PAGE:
A mulch of cocoa bean hulls increases contrast so that white blooms on a night flooded with moonlight reach a startling peak of reflective illumination. but Always Love. a moondial rather than a sundial is used. However. serve also as planters for Artemisia schmidtiana 'Nana'. spurred. required for a retaining wall at the back of the garden. Careful planning with plant selection results in a delightful succession of bloom and fragrance. silvery-gray foliage are almost equally showy by day. silver mound. In addition to providing containers for growing herbs. most of the blooms are nightscented." Concrete blocks. Selected for this reason. plumed. In a departure from the usual that is most fitting for this garden. It bears a motto taken from Alice Morse Earle's Sundials and Old Roses: ''Light and Darkness by Turn. white. white blooms and woolly. Although this is called a "moonlight" herb garden. this moonlight herb garden can be enjoyed from a deck-overhang of the house from the middle of spring to early autumn. its tufted. concrete blocks help create an optimum pH for nourishing them. like the moonflowers that bedeck the elegant wrought-iron plant hoop.< previous page page_74 next page > Page 74 Designed for Moonlight Intended for viewing from above. Wrought-iron plant hoop for moonflower < previous page page_74 next page > . along with a measure of fragrance. they further ensure this herb garden is to be most savored during the evening and nighttime hours.

white 32. rosemary primrose snowdrop 5.Lilium candidum.Achillea millefolium 'The 33. petunia 30. horehound 2. sweet 31. pink 15.Marrubiam vulgare. Madonna gray santolina woodruff lily 4. 17. fraxinella thyme 29 Petunia 'White Cascade'. yarrow 'Mount Hood'.Artemisia schmidtiana 'Nana'.< previous page page_75 next page > Page 75 New York Designed by Owner The number in each planting area is the key number. white .Primula sieboldii 'Alba'. Santolina chamaecyparissus. silver mound artemisia 3.Galanthus nivalis. Rosmarinus officinalis 18. lamb's. Stachys byzantina. 1. Thymus 'Argenteus'. Dianthus 'White Lace'. 'Albus'.Dictamnus albus.Galium odoratum. silver 16.Narcissus pseudonarcissus ears Pearl'.19.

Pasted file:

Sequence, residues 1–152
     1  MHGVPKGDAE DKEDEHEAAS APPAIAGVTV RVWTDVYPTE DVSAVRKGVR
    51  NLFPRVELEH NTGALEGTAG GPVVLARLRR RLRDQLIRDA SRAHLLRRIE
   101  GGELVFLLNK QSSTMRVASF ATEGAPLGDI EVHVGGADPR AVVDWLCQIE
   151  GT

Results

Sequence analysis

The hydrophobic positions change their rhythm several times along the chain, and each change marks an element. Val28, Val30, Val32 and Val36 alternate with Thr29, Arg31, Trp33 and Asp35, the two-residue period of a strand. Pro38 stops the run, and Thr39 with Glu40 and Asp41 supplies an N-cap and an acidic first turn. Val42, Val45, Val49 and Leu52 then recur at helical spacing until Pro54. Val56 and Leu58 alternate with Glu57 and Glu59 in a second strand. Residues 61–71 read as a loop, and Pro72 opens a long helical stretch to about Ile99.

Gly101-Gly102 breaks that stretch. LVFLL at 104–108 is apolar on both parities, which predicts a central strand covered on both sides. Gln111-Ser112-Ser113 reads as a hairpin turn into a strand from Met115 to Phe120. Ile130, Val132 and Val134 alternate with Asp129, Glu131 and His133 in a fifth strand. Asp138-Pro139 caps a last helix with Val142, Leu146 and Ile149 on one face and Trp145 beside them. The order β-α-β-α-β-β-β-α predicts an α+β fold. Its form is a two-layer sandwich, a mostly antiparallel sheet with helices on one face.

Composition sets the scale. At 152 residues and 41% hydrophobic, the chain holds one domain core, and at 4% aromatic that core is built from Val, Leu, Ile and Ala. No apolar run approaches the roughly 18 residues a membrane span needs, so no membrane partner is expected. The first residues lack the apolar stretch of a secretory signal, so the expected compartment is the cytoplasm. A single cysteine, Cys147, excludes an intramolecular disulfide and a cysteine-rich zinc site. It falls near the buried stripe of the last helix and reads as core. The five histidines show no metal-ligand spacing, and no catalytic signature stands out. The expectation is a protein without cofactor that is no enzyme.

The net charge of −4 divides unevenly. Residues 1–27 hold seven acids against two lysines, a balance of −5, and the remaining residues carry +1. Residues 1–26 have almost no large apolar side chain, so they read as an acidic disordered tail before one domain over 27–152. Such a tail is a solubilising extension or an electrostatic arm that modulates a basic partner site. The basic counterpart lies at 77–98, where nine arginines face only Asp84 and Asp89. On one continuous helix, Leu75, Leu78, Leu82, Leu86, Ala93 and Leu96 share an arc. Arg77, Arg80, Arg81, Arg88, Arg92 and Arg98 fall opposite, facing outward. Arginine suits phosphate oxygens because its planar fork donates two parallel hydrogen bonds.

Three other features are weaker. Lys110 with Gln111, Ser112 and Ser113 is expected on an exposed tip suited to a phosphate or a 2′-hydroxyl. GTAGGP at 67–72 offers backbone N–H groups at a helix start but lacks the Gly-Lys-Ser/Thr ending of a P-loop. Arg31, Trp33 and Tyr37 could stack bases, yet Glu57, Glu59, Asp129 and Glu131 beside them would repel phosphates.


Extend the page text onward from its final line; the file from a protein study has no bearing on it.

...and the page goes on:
Yucca filamentosa. moonflower 39. white 27. nicotiana angustifolia 'Alba'. rose 41.Narcissus pseudonarcissus 'Cassata'.Hesperis matronalis. white stock absinthe 10. lavender 12. Viola odorata. Artemisia absinthium. tulip 37.Lunaria annua.Lavandula angustifolia subsp. lily-ofthe-valley 11. orris 8.Convallaria majalis.Artemisia ludoviciana. needle florentina. 28. 25. crabapple < previous page page_75 next page > . western mugwort 7.Chrysanthemum parthenium.Rosa 'Cinderella'.Ipomoea alba. silver-king artemisia columbine 13. albula.21. Artemisia lactiflora. 26. Adam's.Polianthes tuberosa.Malus 'Guiding Star'.Aquilegia alpina 'Alba'. feverfew foxglove daffodil 34.Tulipa 'Blizzard'.Salvia sclarea. daffodil 35.Artemisia ludoviciana var.Nicotiana alata 'Daylight'. 23. tulip 38. dame's honesty rocket 14.Digitalis purpurea 'Alba'.6.Rosa 'Snowdwarf'. sweet violet 20. rose 40. beach mugwort wormwood 9.Tulipa 'White Triumphator'.Matthiola incana. tuberose 36.Iris × germanica var.Artemisia stellerana. white 22. clary 24.

Varied shapes for the beds added interest and were arranged for ease of entrance and exit. and fragrances usually considered characteristic. required their use as an educational adjunct. too. Pattern could not be used to any extent to create interest. An existing iron fence and slope helped determine the outline for the plan. < previous page page_76 next page > .< previous page page_76 next page > Page 76 Of Dye and Textile A specialty garden using only dye and textile-fiber plants presents another kind of challenge to a designer. related to an old mill reconstruction. Many of these herbs lack the hues. textures. The growth habits of some make it difficult to incorporate them into a plan. for most of these dye and textile herbs do not lend themselves to that sort of treatment. simplicity was the key and perhaps the factor that let this design be so in keeping with the old mill setting and yet prove so fitting for a more contemporary situation. Rather. This herb garden. A design that would allow visitors to circulate easily in an area of moderate size was important.

< previous page page_77 next page > Page 77 Rhode Island .